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Explaining Risk in a Protocol

The Board will need to know the various harms that might be encountered by participants, the likelihood that the harm will occur, and how you will both reduce the potential for harm and assist participants who have experienced harm as the result of participating in the study. Regardless of the risk level in your study, it is important that you accurately describe this information in your protocol. Consider the following checklist before you submit your protocol for review:

  • Clearly outlined recruitment and consent procedure: From the IRB’s perspective, one of the best ways to protect a participant is to ensure that a participant is able to protect themselves.  Ultimately, the person that will make the best decision about a tolerable level of risk is the individual consenting to participate.  The Board and the researchers work together to create the kind of environment where this is possible, allowing participants to act out of their own best interests. Some participants are not able to sign a consent form because of their age and/or mental competency. Please see Vulnerable and Risk Sensitive Populations for more information.
  • Identify all risks in the study: The Board will review a study for possible “red flags”, elements in the study that will likely cause concern for a participant.  For example, questions about personal behaviors such as sexuality, drug use, political views, etc, may make a participant uncomfortable and should be specified in the consent form.  Possible injuries, potential emotional distress, or offensive material should be included as well.  Be particularly sensitive regarding children and provide ample information to parents about what their child will do. The consent form should inform participants about all of the probable risk factors; don’t include improbable, ridiculous, and/or outlying risk factors that will only stress a participant. Some participants, because of their lifestyle, relationships, health conditions, etc, may be more susceptible to risk and need extra precautions. Please see Vulnerable and Risk Sensitive Populations for more information.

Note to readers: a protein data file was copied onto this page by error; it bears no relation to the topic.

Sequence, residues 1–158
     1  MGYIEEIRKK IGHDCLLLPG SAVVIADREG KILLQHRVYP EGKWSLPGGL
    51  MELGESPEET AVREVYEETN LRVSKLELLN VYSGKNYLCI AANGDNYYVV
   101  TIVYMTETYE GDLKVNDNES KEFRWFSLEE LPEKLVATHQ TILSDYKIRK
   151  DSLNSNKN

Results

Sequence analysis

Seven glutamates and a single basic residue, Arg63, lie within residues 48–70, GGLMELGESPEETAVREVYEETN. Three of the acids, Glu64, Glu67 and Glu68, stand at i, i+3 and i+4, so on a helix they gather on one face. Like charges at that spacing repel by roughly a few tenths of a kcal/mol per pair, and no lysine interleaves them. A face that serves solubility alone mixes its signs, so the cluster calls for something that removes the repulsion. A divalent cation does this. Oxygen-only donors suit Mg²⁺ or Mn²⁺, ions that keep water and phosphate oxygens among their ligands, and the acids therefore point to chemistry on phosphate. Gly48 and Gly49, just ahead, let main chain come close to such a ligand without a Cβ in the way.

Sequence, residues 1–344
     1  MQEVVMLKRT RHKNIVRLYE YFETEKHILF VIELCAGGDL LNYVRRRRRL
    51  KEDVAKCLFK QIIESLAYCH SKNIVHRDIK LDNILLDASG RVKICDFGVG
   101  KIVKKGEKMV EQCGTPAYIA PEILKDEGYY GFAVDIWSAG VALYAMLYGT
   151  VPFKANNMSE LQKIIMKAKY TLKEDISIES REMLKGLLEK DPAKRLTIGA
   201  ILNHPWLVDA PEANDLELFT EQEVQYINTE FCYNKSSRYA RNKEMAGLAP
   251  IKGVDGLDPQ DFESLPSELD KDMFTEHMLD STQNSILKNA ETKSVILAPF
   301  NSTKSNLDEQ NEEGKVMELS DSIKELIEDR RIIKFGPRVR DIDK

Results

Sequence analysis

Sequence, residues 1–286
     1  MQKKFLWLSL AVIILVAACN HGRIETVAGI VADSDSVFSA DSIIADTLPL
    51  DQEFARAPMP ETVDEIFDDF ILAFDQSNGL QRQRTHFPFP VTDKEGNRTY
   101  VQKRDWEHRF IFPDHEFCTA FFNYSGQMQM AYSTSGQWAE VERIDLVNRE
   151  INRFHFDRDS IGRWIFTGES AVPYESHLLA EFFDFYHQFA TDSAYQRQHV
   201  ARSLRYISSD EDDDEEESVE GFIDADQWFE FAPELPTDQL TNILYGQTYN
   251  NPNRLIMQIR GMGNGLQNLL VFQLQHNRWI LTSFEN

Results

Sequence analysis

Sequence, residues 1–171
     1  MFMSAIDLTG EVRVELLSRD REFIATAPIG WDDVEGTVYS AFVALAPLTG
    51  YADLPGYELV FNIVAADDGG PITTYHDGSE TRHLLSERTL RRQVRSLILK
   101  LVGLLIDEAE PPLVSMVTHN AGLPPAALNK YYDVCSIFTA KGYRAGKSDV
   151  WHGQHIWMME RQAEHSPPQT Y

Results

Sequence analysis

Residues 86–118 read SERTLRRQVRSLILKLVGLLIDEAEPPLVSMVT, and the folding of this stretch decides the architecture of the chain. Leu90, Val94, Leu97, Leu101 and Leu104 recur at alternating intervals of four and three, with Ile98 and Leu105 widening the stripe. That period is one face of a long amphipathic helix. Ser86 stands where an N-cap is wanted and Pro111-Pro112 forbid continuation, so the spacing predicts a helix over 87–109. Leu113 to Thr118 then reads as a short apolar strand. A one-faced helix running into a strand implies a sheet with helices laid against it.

• Describe what you will do to minimize risks: The Board will not allow unnecessary risk and will want assurance that you have minimized risk in the study. One of the benefits of the review is that the Board members may have suggestions of ways you can reduce risk in your study, providing alternative, safer methods for collecting the same data. 
  • Include a detailed plan for an undesirable event: If something goes wrong, what will you do?  The Board wants to know that you are prepared to handle a situation should it arise.  For example, if a participant indicates that they are suicidal on a questionnaire, how will you handle this situation? In your protocol, you need to develop a plan that is specific to your study and will best benefit your participants. If you need help, consult with a faculty advisor, colleague, and contact our office. Should an incident occur, our office is required to follow specific procedures in the event of an unexpected event; for more information, please see Undesirable Events.

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